Contracts for difference
Investing or betting?
Contracts for difference (CFDs) are a way of betting on the
change in value of a share, foreign exchange rate or a market
index. CFDs often use borrowed money, which can magnify gains or
For every person who wins, there is a person on the other side
of the contract that loses the same amount. You will also have
to pay expenses.
How contracts for difference
Under a CFD, you are borrowing money to bet on the short-term
movement of share prices. If you're right, you make money. If
you're wrong, you lose.
Imagine that there is a buyer and a seller of a CFD. If the
share price increases, the buyer wins. If the share price
decreases, the seller wins.
You are not buying the underlying asset, just betting on the
Video: Understanding CFDs
In this video ASIC's Andrew Templer explains the concepts of
'long' and 'short' CFDs, leverage, initial margin and margin calls.
Because of the leverage in CFDs, gains and losses are magnified and
the risks are much greater. You can end up losing much more than
you put in.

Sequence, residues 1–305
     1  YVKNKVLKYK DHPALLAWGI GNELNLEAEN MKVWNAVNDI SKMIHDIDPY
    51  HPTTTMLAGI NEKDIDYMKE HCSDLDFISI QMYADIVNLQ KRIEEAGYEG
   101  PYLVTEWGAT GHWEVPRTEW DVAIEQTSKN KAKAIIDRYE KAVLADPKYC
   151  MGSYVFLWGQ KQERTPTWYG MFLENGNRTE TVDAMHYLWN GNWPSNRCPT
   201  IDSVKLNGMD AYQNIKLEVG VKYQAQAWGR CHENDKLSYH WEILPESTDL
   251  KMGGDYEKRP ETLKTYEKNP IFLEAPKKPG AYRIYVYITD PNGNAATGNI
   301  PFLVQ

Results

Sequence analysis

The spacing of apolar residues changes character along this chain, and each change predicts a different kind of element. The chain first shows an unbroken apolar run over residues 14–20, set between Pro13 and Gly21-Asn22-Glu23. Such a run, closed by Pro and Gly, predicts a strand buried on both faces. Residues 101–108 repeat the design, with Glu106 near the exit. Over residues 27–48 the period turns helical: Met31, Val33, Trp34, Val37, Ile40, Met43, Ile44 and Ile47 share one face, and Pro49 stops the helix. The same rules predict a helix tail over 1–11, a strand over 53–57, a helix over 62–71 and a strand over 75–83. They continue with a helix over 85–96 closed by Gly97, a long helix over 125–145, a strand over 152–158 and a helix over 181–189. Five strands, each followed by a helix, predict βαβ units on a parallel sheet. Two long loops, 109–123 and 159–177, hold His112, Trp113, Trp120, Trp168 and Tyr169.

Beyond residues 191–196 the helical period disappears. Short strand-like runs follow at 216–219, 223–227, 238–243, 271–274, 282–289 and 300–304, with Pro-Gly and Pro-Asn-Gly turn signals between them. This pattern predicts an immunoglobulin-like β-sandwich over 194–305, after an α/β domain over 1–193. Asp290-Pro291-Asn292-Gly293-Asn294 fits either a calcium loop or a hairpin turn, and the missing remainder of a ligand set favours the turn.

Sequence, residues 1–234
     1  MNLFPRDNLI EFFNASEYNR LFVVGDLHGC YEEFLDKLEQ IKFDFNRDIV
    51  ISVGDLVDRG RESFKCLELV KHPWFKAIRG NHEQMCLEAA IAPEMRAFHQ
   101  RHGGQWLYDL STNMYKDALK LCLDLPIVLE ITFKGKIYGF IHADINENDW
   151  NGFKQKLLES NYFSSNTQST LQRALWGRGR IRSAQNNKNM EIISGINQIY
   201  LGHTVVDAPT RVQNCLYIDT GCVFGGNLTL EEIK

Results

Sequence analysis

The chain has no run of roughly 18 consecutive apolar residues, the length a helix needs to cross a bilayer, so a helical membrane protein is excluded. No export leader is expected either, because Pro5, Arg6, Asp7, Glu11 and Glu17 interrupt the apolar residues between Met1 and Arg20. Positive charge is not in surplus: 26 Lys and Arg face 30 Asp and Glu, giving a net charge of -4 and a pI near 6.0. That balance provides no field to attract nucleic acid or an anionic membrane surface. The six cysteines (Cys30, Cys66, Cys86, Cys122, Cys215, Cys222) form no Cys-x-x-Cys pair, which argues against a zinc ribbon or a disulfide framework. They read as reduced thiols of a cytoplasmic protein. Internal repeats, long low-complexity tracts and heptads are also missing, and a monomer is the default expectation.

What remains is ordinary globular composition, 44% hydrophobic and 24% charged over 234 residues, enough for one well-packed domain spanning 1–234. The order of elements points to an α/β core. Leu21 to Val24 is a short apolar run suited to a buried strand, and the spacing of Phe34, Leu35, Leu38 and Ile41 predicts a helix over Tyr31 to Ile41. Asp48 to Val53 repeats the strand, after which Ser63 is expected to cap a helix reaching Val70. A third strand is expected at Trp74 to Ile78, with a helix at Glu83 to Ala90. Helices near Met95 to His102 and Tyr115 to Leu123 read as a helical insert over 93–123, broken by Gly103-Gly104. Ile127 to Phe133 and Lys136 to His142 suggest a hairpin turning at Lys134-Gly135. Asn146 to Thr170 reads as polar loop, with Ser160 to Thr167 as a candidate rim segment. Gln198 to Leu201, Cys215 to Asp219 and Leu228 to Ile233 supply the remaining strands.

CFDs are generally highly geared products. This means the money
you invest will generally only be a fraction of the market value of
the shares (or other market asset) you're 'contracting' for.
For example, you may only have to put up $5,000 for
a $100,000 contract. You are effectively borrowing the other
95%. In that case, a 1% change in the share price can turn
into a $1,000 loss (which is 20% of your investment).
The contract is a legally binding agreement, no matter what the
market value of the asset is. If the market turns against you, the
issuer of the contract:
- Will require you to pay extra money
- May close out your contract, for whatever it's worth at the
time, to recover some money. If there's not enough money, you will
still be legally obliged to make up the difference
You're effectively gambling a much larger amount of money than
if you went to the casino or racetrack. You face potentially
unlimited losses so think carefully before investing in CFDs.
CFDs are complex products. Even experienced investors will
struggle to understand the risks involved in trading them. You can
lose more than your initial investment.
ASIC has improved the information about CFD
products that must be disclosed to investors. This
information will help you understand the risks of CFDs so you
can decide if they're right for you. The new information will
appear in product disclosure statements
(PDSs). Our investor guide explains the details:
trading contracts for difference (CFDs)?
Contracts for difference are a way of betting on
the short-term movements of markets, usually with borrowed money.
Gains as well as losses can be magnified. You could be left in a
much worse position than when you started.
Last updated: 05 Dec 2016